The leaders of Islami Andolan Bangladesh (IAB), in August 2009, submitted a memorandum to UN Secretary General Ban Ki Mun via the UNDP representative to Bangladesh, seeking help to stop the construction of the Dam. The memorandum contended that the plan to construct the Tipaimukh Dam was a clear infringement of the 1996 Bangladesh-India Joint River Commission (JRC), the International Helsinki Convention, and International River Law. It also pointed out that the construction of the Dam would bring terrible ecological and environmental changes in vast areas of Bangladesh and many states of India. On 18 September 2009, IAB arranged a March on to the Indian High Commission in Dhaka to protest against the Dam. Other major political parties such as The Communist Party of Bangladesh (CPB) have also organized movements against the Tipaimukh Dam. Juba Union, the youth wing of CPB, held a two-day Dhaka-Sylhet road-March program to demand an immediate halt to the construction of the Dam (Islam 2013). After 2009, the movement surrounding the Dam gradually became less vibrant as Bangladesh faced other political and social crises. Most leaders of this movement got arrested and some of them faced execution or forced disappearance.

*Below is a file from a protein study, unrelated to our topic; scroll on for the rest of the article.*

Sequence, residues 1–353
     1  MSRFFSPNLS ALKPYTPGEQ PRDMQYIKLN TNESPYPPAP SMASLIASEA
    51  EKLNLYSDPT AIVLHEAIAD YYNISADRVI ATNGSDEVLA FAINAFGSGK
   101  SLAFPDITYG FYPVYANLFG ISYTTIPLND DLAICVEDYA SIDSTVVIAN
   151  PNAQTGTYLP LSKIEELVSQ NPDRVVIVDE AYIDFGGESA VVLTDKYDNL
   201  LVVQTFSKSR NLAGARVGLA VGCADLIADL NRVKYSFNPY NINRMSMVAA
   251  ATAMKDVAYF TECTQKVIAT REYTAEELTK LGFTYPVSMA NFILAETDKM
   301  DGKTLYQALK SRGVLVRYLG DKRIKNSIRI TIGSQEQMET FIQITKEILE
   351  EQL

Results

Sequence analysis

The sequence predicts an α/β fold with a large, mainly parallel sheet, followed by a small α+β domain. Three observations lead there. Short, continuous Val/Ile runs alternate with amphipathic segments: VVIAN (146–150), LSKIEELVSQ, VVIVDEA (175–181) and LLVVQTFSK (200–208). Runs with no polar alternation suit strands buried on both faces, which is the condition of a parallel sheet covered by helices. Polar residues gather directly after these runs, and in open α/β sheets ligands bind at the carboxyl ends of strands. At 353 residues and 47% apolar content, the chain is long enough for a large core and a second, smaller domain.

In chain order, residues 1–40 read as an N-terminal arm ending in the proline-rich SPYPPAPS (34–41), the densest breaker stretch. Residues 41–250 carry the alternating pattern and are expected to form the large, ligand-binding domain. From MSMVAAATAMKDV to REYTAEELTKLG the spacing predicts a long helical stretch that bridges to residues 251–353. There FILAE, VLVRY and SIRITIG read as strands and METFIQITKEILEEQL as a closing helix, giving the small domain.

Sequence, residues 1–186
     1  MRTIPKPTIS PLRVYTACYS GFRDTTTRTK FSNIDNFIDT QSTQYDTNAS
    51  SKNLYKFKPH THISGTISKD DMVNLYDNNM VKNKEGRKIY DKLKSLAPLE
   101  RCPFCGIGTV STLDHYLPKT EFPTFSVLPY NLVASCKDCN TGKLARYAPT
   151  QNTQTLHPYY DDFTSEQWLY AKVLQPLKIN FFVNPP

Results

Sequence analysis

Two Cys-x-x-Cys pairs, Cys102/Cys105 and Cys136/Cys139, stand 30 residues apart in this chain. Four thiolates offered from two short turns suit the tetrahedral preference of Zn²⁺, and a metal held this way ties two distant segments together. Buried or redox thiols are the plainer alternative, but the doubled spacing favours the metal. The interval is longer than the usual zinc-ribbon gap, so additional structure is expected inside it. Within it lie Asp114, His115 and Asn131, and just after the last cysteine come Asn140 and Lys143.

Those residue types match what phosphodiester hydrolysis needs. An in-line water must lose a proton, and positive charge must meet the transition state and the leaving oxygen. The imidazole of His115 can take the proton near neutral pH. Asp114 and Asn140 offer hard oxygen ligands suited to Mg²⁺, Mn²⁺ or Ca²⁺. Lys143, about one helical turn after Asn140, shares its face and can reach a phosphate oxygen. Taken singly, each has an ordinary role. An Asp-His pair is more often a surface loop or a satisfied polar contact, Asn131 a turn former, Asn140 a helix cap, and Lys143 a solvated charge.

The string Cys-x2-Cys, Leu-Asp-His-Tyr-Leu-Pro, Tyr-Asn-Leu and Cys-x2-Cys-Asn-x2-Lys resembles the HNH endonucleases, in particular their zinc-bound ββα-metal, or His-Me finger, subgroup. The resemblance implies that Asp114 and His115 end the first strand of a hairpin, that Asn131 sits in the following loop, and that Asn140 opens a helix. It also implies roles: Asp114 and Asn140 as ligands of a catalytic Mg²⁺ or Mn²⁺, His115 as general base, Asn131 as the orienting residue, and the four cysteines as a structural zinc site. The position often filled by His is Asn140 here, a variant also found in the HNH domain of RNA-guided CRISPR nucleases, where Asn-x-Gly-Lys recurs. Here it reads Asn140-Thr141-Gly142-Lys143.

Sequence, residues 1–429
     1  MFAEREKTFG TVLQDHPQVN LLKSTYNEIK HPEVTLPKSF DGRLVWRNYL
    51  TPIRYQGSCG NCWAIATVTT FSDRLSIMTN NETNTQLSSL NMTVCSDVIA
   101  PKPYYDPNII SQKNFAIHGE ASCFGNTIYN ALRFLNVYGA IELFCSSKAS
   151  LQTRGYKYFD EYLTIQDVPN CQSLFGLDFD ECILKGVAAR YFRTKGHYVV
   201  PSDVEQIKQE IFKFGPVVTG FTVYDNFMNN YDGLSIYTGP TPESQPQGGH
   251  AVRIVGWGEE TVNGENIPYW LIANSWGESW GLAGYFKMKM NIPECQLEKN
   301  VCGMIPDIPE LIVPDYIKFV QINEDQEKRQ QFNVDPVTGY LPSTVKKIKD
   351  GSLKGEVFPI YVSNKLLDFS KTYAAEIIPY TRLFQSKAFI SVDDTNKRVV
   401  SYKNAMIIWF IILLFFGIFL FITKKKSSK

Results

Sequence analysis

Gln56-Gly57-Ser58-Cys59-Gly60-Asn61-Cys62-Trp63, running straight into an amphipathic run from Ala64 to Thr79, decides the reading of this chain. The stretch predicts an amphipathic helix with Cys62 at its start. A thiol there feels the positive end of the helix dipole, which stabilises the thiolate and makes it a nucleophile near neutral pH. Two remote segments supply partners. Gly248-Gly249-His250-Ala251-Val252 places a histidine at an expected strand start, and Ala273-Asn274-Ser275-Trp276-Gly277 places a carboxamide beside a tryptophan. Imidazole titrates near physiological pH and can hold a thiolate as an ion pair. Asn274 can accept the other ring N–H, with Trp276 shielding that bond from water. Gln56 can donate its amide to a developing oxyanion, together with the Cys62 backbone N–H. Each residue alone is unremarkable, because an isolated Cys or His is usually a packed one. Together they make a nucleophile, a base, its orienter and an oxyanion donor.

The movement in India and particularly its northeast regions against the Tipaimukh Hydroelectric Project was phenomenal. In April 2009, hundreds of people representing Bengali, Manipuri, Naga, Khasi, Reang, Dimasa, and other communities from the southern part of Assam district staged demonstration in front of the District Commissioner’s office at Silchar. The demonstrators condemned the government’s decision and demanded the immediate abrogation of the Dam project. Pijus Kanti Das, secretary general of the Committee on Peoples and Environment (COPE), and a number of leaders from different organizations and groups joined the demonstration. The demonstrators subsequently sent a memoranda separately to the then President Pratibha Patil; Prime Minister Manmohan Singh; Union Minister for Forest and Environment Jairam Ramesh; Chief Ministers of Assam and Manipur Tarun Gogoi and O Ibobi Singh respectively through the District Commissioner of Cachar. In these memoranda’s, they expressed their concern for the people living upstream of Barak River and the potential environmental impact of the Dam’s construction (Islam 2013). Protests also took place in Manipur, Mizoram, and Barak Valley of Assam.